I disagree - but my dwarf cleric only has three heals a day (but the battle cleric feat is really helping). My playtest experience so far suggests improving other healers would be better. I think with an optimised healer cleric you can get by with only one source of healing but it feels as though you need a couple to get by without one at the moment.
Dire Ursus wrote:
We have had a lot of fun playtesting too. I've mostly enjoyed GMing a lot more and the players seem to find the encounters more varied.
That is how I've ruled it. It multiplies if the base damage is persistent, but not otherwise.
Well remember the target of the attack probably doesn't take Splash damage when they are hit, so it wouldn't be 2d8+Int. Also I don't think Bottled Lightning's Flat-Footed is given on the Splash damage, since it mentions target so that probably only effects the target of the bomb on a success/critical success.
Yes - that is how we read it too. A previous poster mentioned persistent damage being easy to remove. We have found the DC 20 flat check reducing to DC 15 with an action pretty hard to reach.
Joey Cote wrote:
Yes - resonance is an issue. Martial shouldn’t have +1 weapons until 5th (not routinely). Martials miss a lot. Generally you want to move, raise shield or do something tactical with the third action. Getting people flat footed to all targets is huge. Free damage like splash on a miss or persistent is also hugely effective at the levels we have played. My players may be unusual as they pick up on tactical options very quick, but they really liked having options other than full attack or charge.
Also forgot - alchemist has remarkable resonance - so 10 points - another clue that resonance is a bit low. Typically preparing 10-12 bombs per day with 4 or 5 in the locker for quick alchemy.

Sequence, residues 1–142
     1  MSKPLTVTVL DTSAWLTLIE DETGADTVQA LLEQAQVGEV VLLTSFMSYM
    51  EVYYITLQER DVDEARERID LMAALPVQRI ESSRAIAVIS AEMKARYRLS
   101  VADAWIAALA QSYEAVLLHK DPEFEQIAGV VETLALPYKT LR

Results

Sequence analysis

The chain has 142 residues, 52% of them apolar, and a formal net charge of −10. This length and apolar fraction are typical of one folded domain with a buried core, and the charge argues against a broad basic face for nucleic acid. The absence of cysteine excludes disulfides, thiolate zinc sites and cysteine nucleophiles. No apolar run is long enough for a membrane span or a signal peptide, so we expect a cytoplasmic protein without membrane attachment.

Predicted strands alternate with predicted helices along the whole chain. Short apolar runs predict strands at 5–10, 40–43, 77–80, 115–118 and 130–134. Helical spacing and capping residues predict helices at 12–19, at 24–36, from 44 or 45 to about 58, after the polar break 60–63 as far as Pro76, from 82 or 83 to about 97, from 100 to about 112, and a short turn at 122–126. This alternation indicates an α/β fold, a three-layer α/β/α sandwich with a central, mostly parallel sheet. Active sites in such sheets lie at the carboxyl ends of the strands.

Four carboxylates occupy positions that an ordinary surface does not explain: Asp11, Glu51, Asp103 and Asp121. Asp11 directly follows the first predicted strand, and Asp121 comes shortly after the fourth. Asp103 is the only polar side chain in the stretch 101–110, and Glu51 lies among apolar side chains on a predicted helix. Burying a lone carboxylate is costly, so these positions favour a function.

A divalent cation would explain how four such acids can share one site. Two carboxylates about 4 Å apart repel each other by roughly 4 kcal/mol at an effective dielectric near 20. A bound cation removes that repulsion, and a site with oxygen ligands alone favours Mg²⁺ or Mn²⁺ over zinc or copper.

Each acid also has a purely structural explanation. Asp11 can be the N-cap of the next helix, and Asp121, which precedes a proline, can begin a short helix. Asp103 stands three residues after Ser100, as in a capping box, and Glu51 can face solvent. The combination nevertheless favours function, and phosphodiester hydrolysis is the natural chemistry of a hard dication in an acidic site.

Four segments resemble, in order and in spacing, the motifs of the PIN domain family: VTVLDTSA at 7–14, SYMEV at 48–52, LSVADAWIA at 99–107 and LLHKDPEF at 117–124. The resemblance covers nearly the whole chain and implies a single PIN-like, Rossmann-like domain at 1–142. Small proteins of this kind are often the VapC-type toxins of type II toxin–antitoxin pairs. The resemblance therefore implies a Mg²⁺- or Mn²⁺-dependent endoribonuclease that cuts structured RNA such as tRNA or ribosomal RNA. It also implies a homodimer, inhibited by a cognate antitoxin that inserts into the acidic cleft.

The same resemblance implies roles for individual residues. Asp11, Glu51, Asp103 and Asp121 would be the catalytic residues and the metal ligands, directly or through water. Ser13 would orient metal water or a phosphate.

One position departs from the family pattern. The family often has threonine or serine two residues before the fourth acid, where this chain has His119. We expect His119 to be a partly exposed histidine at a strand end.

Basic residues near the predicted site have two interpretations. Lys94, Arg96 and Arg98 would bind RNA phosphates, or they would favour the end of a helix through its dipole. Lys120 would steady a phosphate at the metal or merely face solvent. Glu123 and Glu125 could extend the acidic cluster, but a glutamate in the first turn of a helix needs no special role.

Looks like we got that wrong. the text says says extra damage minimum 0 so I assumed int damage is additional - so 1 + 4 = 5 rather than the 6 we used.
Looks like we got the splash damage wrong at 6 rather than 5. In practice we have found this very effective. Not played a fighter yet - they look likely the strongest damage dealers. However our experience suggests an alchemist is very effective with damage on a miss, debuff and cries against touch. Not yet had a problem with splash damage on allies - but that is half the fun so far in terms of movement, tactics and positioning. Anything flat footed for a round tends to go down quick. Also at this level we have one magic weapon in the party - so delivering damage at +1 weapon level is huge. My play test feedback will include the resonance issue - but the basic alchemist experience seems fine. Crafting needs some tweaks also.
I have GM experience with PF 1 alchemists also. generally well balanced but could completely trivialise some encounters such as golems.
Standard 18 int and 16 Dexter halfling. Doing splash damage on a miss is in practice huge. Anything with a low touch AC was also easily critted. Hope we did the 3rd level bombs right. 2d8 for fire with 2 persistent because the entry in the treasure section does d8 fire not d6. Also splash is 2 plus int for 6 damage with a fourth level feat that I forget the name of.
Tremendous fun - just needs more resonance. Getting something flat footed often makes a huge difference to party damage.
Bottled lightning for flat footed followed by fire or acid. As well as increasing damage from the other PCs it effectively reduces the MAP. He rolled badly for damage and often did more from splash misses than hits. persistent fire and helped drop at least one foe. He only just realised how good persistent acid damage was ...
While Alchemists' proficiency with bombs never increases, their empowered bombs grant a +1 item bonus to attack rolls at Level 15 and a +2 item bonus to attack rolls at level 19. Unfortunately, this bonus comes late, and it doesn't stack with the +2 item bonus from Alchemist's Goggles or the bonuses to ranged attacks from Quicksilver Mutagen. Nor does it match the +4 item bonus spellcasters can get to attack rolls with duelist's gloves or wands, or the +5 bonus weapon wielders can get from enhancement runes.